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Internet of Things

The Internet of Things gold rush – from hype to innovation driver

Pure hype or source of new business models? According to McKinsey, the Internet of Things (or "IoT" for short) is definitely a source of new business models – powerhouses that will deliver a major boost to business around the globe.

19 Aug. 2015 Patrick Bizzarri
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The Internet of Things is set to become a major driver of global economic growth. (Photo: Shutterstock/underverse)

In fact, the experts estimate that ten years from now, IoT could be adding up to $11.1 trillion per year to the global economy.

According to the experts, the next great leap forward in innovation will come from the Internet of Things. The term "Internet of Things" refers, of course, to the interconnectedness of people with things (e.g. smart homes) and things with things (M2M). Think self-driving cars, drones, fitness trackers, and app-controllable domestic appliances. And, like the Industrial Revolution of the last century, it’s all about achieving greater efficiency and convenience.

In its June 2015 study titled "The Internet of Things: Mapping the Value beyond the Hype," McKinsey Global Institute concluded that this mixing of the physical and digital worlds offers significant opportunities for both consumers and enterprises. The authors estimate, for instance, that the Internet of Things has the potential to add up to $11.1 trillion per year to the global economy by 2025. That’s more than a tenth of the global GDP projected for 2025 by the World Bank. Corporations like IBM and Swisscom are already investing billions.

IoT needs Big Data

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Currently, the primary beneficiaries of IoT innovations are consumers. But, according to the study, the greatest potential lies in business applications for Industry 4.0. The study notes that achieving digitization and integration up and down value chains depends very much on deriving additional value from big data. At present, the report says, less than one percent of the data being gathered is actually being used. And that tiny percentage is mainly in the area of anomaly detection and real-time control, rather than optimization and prediction.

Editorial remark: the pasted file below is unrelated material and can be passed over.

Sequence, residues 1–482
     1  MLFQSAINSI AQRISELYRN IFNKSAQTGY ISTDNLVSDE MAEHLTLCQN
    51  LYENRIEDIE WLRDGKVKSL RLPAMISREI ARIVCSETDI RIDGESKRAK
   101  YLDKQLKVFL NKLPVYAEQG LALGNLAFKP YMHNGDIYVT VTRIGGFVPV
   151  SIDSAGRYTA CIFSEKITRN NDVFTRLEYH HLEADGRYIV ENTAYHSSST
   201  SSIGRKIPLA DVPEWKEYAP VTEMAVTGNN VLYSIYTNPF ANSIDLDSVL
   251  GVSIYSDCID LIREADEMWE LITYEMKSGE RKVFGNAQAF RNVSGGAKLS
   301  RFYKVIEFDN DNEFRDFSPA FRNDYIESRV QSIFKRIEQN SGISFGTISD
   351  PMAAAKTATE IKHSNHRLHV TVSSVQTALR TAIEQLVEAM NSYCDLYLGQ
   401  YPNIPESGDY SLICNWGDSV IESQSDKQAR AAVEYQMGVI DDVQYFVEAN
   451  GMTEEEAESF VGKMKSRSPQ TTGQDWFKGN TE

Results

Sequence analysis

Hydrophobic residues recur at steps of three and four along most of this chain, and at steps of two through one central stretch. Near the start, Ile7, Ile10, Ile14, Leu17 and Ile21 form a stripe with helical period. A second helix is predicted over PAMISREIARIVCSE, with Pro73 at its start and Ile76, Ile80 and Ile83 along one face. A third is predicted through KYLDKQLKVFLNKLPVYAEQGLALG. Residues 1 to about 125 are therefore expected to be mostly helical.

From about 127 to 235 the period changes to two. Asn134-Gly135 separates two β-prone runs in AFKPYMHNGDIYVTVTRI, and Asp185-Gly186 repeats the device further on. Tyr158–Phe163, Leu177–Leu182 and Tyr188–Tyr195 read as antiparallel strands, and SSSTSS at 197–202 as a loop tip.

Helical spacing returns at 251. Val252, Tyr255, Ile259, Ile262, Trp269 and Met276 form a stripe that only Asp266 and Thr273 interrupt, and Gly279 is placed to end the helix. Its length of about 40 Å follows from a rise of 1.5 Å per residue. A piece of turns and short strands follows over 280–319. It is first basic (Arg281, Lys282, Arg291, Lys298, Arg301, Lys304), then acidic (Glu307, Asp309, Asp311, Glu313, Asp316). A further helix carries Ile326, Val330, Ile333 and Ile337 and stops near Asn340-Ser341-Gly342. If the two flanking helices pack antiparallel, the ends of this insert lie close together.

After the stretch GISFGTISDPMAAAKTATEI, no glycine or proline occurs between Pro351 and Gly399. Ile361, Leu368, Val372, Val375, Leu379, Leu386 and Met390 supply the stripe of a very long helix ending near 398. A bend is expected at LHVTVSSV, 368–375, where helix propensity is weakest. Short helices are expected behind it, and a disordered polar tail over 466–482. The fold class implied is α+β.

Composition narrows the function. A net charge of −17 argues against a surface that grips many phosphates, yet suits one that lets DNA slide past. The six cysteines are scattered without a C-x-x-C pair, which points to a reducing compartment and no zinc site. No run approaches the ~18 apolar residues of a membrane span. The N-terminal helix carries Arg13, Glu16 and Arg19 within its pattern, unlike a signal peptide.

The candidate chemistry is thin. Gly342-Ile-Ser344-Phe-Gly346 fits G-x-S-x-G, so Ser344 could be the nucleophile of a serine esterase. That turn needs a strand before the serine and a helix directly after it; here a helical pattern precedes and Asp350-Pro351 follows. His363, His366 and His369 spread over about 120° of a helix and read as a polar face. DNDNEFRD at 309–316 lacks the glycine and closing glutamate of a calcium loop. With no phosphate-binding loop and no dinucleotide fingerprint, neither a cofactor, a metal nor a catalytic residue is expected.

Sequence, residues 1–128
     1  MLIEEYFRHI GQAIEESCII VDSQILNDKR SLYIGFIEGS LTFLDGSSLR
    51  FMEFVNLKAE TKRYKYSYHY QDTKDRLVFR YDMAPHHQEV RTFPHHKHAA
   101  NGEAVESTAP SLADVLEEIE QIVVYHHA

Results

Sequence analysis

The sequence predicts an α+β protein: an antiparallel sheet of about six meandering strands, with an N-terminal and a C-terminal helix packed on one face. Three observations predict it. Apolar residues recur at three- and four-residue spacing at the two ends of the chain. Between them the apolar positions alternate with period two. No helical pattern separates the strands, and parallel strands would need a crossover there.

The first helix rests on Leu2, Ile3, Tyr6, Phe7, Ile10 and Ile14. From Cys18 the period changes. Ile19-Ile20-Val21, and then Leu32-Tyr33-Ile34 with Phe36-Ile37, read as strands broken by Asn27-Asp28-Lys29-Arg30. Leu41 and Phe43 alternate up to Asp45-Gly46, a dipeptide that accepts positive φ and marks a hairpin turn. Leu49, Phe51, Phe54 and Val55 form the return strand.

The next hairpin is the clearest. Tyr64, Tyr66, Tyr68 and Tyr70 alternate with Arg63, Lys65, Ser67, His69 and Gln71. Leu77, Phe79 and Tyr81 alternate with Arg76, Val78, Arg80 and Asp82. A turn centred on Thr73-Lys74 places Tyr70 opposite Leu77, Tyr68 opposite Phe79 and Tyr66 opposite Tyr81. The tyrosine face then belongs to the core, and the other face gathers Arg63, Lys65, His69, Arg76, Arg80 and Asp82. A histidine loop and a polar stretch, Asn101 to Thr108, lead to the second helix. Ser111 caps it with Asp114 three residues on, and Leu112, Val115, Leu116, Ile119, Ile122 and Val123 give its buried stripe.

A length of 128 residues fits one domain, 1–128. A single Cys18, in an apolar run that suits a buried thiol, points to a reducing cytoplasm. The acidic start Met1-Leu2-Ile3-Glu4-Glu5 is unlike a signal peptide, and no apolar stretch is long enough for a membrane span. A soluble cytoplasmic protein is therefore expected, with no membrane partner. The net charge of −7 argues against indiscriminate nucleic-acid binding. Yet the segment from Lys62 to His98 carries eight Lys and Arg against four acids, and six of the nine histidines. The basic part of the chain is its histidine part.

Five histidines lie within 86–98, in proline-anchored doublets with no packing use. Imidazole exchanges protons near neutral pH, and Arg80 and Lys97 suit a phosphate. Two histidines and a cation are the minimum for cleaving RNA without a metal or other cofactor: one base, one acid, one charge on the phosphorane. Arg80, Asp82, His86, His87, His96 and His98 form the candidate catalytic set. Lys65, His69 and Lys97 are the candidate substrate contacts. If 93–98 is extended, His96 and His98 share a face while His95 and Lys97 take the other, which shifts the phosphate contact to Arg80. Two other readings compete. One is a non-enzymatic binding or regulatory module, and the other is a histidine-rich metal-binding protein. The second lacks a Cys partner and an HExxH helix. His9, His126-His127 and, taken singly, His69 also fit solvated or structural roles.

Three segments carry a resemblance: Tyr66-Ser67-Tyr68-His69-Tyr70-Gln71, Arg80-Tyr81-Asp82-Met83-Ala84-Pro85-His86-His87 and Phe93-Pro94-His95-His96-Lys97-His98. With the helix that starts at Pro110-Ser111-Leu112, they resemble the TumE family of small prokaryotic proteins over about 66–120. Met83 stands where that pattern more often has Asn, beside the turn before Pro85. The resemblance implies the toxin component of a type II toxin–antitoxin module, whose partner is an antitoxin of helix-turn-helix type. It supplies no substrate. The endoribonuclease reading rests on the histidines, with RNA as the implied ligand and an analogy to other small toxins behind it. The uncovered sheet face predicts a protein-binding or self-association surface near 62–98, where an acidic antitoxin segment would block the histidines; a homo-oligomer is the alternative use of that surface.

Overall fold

McKinsey notes that another area where IoT can achieve significant added value is in the optimization and more efficient scheduling of existing work processes. As an example, the study cites the metals and mining giant Rio Tinto, which is already using integrated sensor technology to remotely control its enormous dump trucks. And then there’s the auto parts supplier Wurth USA, which has developed an “iBins” system that uses intelligent camera technology to monitor the fill level of supply boxes and automatically re-order supplies.

The need for technological and regulatory changes

The McKinsey analysts reviewed just on 300 IoT applications. They found that, in addition to more effective use of big data, the successful implementation of the Internet of Things will very much depend on technological improvements. One effect of these improvements will be a reduction in the cost of key enabling technologies. So, for instance, the study predicts that ten years from now, Google Glass and other augmented-reality devices may reach the $200-300 price point, where widespread adoption in factories would be affordable. These technologies could then be used to simplify employee training and provide cost-effective support in the maintenance of complex machinery.

IoT SOLUTIONS cluster at CeBIT 2016

The upcoming CeBIT will also focus on the IoT – since without effective networks, components and data processing systems, the IoT would remain more hype than a working business model. At the “ IoT SOLUTIONS ” cluster, market leaders from many sectors are using concrete examples to showcase the radical changes in many different industries. As a part of “Communication & Networks ” in Hall 13, this special display combines exhibition, professional conference and B2B matchmaking.

Not that the success of the Internet of Things depends solely on big data and technological development. The McKinsey study makes it clear that regulatory barriers will need to be overcome as well. As examples of this, the study points to the healthcare and public transport sectors. The challenges here include security, protection of personal privacy and intellectual property, and data sovereignty.